Trees provide enormous benefits to your property and the decision to remove a tree altogether should never be taken lightly. But there are times when it’s better to fell a tree rather than risk damage to people or property.
Here are three signs to look out for:
You’ll need to find a spot where you can see the whole tree. If the tree is leaning, it may be because it is dead or dying.
Damaged and decaying roots
If the roots are visible and showing signs of damage or decay, this could pose a serious threat. It’s a sign that the tree has lost its structural support; making it unstable.
Cracks and cavities in the trunk
Cracks and cavities may indicate that the tree is no longer structurally sound. You should also check for missing bark. This is often a sign that the tree is infested, sick, rotten or dying.
Whenever you undertake any kind of construction on your property, you put your trees at risk. Digging may cause damage to roots, ultimately affecting the tree’s source of nutrients, and scraping tree bark opens up a spot where disease or infestation can take hold.
So before you lay a new driveway or add an extra room onto your house place, a barricade around the trunk of the tree; at least a few metres wide to protect the roots and the trunk. If your tree is accidentally damaged while work is being carried out, take these steps to limit the damage:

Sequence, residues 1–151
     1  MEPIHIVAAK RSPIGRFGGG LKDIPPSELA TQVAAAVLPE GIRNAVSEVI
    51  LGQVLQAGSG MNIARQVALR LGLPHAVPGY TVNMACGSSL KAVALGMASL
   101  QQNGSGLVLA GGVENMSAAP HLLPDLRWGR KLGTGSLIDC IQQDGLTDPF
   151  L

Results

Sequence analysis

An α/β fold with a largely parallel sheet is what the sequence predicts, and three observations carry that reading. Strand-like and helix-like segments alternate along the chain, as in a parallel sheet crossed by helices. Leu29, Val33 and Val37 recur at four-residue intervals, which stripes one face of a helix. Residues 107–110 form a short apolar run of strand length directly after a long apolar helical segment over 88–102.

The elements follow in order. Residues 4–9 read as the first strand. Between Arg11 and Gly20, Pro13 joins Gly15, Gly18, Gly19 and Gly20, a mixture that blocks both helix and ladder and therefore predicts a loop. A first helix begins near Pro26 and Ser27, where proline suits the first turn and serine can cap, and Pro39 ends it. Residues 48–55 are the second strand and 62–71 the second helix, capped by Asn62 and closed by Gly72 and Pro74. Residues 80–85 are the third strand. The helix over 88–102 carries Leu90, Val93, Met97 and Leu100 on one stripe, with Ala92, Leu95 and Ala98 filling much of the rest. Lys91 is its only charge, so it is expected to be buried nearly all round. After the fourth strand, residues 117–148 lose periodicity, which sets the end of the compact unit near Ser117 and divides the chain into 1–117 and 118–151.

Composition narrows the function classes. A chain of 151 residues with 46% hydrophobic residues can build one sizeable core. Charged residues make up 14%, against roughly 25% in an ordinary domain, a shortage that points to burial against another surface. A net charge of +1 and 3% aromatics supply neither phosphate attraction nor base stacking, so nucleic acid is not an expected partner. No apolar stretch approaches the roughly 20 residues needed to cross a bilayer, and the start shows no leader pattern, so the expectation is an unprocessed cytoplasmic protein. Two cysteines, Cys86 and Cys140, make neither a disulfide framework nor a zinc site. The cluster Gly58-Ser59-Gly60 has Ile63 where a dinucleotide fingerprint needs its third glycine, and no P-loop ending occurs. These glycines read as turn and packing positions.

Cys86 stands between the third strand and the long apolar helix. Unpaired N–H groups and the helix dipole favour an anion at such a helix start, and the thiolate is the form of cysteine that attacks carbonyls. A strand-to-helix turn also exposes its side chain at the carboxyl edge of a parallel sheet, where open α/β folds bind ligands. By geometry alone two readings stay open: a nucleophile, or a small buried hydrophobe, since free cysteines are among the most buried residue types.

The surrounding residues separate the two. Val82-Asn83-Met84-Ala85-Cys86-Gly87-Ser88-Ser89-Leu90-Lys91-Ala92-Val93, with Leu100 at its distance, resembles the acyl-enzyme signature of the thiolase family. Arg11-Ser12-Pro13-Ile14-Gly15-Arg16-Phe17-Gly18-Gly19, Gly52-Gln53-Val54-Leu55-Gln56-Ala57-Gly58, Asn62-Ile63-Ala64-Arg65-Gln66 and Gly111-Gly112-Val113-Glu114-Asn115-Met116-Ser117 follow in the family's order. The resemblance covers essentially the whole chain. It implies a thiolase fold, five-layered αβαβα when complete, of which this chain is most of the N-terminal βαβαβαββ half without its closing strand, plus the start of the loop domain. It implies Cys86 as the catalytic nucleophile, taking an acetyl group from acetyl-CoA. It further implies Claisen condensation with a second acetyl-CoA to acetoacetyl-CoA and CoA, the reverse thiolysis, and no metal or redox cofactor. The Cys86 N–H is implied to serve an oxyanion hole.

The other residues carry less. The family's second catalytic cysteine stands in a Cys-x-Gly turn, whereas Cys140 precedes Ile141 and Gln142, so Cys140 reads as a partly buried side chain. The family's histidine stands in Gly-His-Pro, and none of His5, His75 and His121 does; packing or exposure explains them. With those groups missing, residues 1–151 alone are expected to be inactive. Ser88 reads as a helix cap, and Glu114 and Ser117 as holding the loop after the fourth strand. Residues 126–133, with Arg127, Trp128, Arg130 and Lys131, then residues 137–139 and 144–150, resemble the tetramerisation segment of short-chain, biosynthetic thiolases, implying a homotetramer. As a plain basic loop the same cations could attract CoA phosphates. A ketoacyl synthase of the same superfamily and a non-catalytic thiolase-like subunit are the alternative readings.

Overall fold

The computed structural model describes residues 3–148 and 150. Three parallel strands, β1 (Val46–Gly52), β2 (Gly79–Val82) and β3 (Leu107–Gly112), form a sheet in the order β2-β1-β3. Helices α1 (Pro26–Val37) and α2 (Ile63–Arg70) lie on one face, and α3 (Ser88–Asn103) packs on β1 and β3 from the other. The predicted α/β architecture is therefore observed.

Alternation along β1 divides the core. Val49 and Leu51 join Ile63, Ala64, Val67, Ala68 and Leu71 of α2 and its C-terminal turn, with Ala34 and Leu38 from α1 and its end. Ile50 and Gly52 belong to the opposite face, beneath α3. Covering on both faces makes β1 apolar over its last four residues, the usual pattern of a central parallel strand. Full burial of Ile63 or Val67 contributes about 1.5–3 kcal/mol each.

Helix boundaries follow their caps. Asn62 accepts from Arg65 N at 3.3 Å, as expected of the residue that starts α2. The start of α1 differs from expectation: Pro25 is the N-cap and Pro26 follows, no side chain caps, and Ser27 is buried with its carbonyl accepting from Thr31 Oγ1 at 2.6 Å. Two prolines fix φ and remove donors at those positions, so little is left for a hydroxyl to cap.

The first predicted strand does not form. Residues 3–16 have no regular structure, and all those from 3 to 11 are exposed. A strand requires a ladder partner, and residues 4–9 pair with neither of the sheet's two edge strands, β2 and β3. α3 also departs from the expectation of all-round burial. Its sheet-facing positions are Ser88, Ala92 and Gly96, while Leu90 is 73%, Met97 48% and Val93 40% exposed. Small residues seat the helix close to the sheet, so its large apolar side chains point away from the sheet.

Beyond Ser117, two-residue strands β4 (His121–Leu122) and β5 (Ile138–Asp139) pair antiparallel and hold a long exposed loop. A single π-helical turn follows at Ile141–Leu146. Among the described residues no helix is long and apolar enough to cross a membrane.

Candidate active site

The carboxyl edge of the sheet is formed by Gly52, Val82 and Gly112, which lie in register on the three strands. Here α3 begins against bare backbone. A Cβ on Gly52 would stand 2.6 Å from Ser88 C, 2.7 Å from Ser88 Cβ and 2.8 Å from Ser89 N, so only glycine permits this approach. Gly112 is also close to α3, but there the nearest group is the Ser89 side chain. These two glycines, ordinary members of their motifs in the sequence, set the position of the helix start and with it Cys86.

Prune damaged limbs and reduce the overall weight of the tree
Add cables or bracing rods to maintain the structural integrity of the tree
Water the tree well by slowly soaking the roots
Gently aerate any compacted soil around the root zone
Proper tree care throughout the year will ensure that you do not have to make the decision to remove a tree too often. If in doubt, call in a certified arborist to examine your trees and provide you with a professional assessment of their health and stability.